In the JournalsPerspective

Low incidence of unplanned admission found after hip arthroscopy

Patients had a low incidence of 30-day unplanned admission after hip arthroscopy, with chronic corticosteroid use, perioperative transfusions and greater BMI identified as independent risk factors, according to published results.

Michael J. Salata , MD, and colleagues used CPT, ICD-9 and ICD-10 codes to identify 1,931 patients who underwent hip arthroscopy in the American College of Surgeons National Surgical Quality Improvement Program database. Researchers compared demographics, comorbidities, preoperative laboratory values, surgical details and postoperative outcomes of patients with planned and unplanned admissions after hip arthroscopy.

Within 30 days of the index procedure, results showed an unplanned admission rate of 0.9%, with a median time to unplanned admission of 14.5 days. Researchers found surgical site infection, wound complications and thromboembolic events as the most common reasons for admission. According to results, 22.2% of patients required reoperation and 39% of patients were readmitted for reasons unrelated to the index hip arthroscopy procedure. Multivariate analysis showed an increased risk for unplanned admission was independently associated with chronic corticosteroid use, perioperative blood transfusion and increasing BMI.

“Evaluation of patients’ incisions within the first week to 10 days and some form of thromboembolic prophylaxis would seem to be ways to attempt to prevent these most common reasons for readmission,” Salata told Healio Orthopedics. – by Casey Tingle

Disclosures: Salata reports he received personal fees from Stryker Corporation. Please see the study for all other authors’ relevant financial disclosures.

Patients had a low incidence of 30-day unplanned admission after hip arthroscopy, with chronic corticosteroid use, perioperative transfusions and greater BMI identified as independent risk factors, according to published results.

Michael J. Salata , MD, and colleagues used CPT, ICD-9 and ICD-10 codes to identify 1,931 patients who underwent hip arthroscopy in the American College of Surgeons National Surgical Quality Improvement Program database. Researchers compared demographics, comorbidities, preoperative laboratory values, surgical details and postoperative outcomes of patients with planned and unplanned admissions after hip arthroscopy.

Within 30 days of the index procedure, results showed an unplanned admission rate of 0.9%, with a median time to unplanned admission of 14.5 days. Researchers found surgical site infection, wound complications and thromboembolic events as the most common reasons for admission. According to results, 22.2% of patients required reoperation and 39% of patients were readmitted for reasons unrelated to the index hip arthroscopy procedure. Multivariate analysis showed an increased risk for unplanned admission was independently associated with chronic corticosteroid use, perioperative blood transfusion and increasing BMI.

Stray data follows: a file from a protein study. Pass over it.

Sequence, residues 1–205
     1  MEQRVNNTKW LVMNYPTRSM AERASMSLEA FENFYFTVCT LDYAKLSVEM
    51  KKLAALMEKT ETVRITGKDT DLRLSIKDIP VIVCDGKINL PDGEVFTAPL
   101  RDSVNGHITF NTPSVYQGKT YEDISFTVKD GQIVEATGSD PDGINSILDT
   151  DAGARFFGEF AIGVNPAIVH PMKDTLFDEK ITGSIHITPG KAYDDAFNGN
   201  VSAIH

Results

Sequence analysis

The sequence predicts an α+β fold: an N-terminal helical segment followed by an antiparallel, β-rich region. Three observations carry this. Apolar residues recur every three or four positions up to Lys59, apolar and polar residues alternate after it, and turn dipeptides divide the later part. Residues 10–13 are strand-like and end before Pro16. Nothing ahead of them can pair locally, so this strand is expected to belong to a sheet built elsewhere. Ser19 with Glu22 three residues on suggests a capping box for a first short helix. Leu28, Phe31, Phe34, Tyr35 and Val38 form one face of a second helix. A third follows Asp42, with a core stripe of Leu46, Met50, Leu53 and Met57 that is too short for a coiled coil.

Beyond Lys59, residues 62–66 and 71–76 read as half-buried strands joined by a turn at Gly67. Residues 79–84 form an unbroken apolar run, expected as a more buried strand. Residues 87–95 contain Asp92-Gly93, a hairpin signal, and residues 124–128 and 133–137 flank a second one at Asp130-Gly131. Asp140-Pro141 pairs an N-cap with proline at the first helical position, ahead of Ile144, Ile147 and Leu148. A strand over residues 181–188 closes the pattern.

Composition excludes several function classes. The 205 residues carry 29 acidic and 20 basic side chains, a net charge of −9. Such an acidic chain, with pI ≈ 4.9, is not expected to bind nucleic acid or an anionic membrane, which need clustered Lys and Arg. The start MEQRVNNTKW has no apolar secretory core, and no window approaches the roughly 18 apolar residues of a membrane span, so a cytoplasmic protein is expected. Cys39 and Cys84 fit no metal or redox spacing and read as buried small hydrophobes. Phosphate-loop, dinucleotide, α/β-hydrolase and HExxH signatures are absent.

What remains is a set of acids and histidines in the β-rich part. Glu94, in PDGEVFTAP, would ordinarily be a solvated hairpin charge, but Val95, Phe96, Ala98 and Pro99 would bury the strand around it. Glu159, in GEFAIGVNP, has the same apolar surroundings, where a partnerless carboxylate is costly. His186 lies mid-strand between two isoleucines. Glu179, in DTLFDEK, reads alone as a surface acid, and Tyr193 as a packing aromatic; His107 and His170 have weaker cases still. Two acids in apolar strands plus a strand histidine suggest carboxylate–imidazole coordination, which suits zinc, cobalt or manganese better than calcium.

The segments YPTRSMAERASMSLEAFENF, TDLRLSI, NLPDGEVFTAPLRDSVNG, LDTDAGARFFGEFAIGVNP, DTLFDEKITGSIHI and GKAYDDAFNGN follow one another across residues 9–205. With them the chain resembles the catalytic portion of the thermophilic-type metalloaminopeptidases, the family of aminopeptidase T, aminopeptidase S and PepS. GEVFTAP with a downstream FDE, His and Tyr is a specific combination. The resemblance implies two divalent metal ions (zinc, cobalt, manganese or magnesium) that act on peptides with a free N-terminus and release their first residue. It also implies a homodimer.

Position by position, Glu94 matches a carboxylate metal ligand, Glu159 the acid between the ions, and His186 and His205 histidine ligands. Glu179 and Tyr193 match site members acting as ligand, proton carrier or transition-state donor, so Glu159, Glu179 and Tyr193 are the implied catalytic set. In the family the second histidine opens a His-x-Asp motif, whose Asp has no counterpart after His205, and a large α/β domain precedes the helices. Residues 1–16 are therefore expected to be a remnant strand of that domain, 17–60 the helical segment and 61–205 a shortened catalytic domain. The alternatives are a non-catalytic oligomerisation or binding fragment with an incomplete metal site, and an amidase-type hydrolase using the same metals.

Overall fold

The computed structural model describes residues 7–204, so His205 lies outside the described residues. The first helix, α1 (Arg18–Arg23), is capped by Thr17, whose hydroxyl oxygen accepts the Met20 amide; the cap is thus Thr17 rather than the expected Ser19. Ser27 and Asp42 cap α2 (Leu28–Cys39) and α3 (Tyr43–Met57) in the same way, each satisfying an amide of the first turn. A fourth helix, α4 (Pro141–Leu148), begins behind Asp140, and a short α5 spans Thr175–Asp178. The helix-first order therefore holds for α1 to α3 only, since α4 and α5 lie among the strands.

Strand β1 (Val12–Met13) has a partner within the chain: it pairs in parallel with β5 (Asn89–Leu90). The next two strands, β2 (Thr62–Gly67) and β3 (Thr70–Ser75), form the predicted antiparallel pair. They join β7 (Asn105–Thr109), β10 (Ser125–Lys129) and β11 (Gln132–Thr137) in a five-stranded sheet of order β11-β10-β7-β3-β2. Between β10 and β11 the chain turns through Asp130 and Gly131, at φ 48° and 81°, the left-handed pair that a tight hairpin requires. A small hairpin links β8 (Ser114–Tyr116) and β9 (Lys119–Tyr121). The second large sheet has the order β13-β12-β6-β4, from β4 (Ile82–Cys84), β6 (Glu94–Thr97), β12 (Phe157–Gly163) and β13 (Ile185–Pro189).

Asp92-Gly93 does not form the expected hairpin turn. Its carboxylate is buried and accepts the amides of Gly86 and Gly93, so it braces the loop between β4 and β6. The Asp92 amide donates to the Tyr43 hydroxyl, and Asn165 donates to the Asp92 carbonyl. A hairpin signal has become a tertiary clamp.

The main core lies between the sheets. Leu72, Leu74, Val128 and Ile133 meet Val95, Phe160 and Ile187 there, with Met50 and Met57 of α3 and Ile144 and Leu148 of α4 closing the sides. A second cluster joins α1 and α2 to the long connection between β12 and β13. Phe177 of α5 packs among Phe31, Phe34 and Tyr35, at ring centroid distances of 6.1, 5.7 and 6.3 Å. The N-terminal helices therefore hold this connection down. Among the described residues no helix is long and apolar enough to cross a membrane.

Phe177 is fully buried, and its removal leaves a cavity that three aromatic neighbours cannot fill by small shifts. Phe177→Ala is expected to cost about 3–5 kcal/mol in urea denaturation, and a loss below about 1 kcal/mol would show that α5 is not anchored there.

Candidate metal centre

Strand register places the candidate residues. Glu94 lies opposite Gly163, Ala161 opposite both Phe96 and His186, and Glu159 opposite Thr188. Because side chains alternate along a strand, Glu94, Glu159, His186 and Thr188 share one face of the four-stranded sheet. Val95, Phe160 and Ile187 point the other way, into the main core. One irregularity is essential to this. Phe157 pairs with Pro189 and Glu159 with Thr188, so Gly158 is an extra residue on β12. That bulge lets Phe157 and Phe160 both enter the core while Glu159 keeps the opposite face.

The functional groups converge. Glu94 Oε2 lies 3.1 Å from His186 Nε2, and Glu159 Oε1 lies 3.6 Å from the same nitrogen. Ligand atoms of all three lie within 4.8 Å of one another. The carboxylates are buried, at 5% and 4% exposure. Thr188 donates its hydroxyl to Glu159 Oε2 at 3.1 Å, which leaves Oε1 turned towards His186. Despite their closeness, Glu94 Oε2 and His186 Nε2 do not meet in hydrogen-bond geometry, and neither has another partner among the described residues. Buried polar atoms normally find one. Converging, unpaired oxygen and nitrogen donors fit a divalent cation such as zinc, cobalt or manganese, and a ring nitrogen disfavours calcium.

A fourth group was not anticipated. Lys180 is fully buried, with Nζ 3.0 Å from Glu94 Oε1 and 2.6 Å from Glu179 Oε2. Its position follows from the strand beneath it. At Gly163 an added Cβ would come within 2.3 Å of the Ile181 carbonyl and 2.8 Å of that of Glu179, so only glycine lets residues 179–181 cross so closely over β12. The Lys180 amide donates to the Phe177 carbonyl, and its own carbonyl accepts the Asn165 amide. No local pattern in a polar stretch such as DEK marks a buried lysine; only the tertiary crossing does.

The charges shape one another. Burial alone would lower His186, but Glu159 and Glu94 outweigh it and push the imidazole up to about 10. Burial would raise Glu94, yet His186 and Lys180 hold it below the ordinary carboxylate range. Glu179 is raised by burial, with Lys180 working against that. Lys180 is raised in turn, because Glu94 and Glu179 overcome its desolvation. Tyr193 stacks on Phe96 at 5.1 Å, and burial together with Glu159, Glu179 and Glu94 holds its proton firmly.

“Evaluation of patients’ incisions within the first week to 10 days and some form of thromboembolic prophylaxis would seem to be ways to attempt to prevent these most common reasons for readmission,” Salata told Healio Orthopedics. – by Casey Tingle

Disclosures: Salata reports he received personal fees from Stryker Corporation. Please see the study for all other authors’ relevant financial disclosures.

    Perspective
    Aaron J. Krych

    Aaron J. Krych

    In the United States, hip arthroscopy procedures have been steadily growing with demonstration of good to excellent outcomes and relatively rare complications. However, given the elective nature of most hip arthroscopy procedures, it is critical to identify potential risks — especially modifiable ones — to minimize complications and maximize patient outcomes. The current authors utilized the National Surgical Quality Improvement Program database to determine that unplanned admissions within 30 days of surgery were less than 1% for 1,931 hip arthroscopy cases performed between 2011 to 2016. 

    Overall, I find this data reassuring and underscores that hip arthroscopy can be safely performed as an outpatient procedure for the vast majority of patients. The unplanned admissions related to the actual hip procedure included surgical site infections, wound complications and thromboembolic events, with independent risk factors identified including elevated BMI, chronic corticosteroid use and perioperative transfusions. In my opinion, elevated BMI is a potentially modifiable risk factor that can and should be addressed prior to surgery, not only for lower complications, but also to optimize patient outcome. In addition, these findings suggest that medically complicated patients may benefit from a multidisciplinary care team, with decision-making for possible overnight observation following hip arthroscopy dependent on individual circumstances.

    • Aaron J. Krych, MD
    • Orthopedic surgeon
      Professor of orthopedics
      Mayo Clinic
      Rochester, Minnesota

    Disclosures: Krych reports no relevant financial disclosures.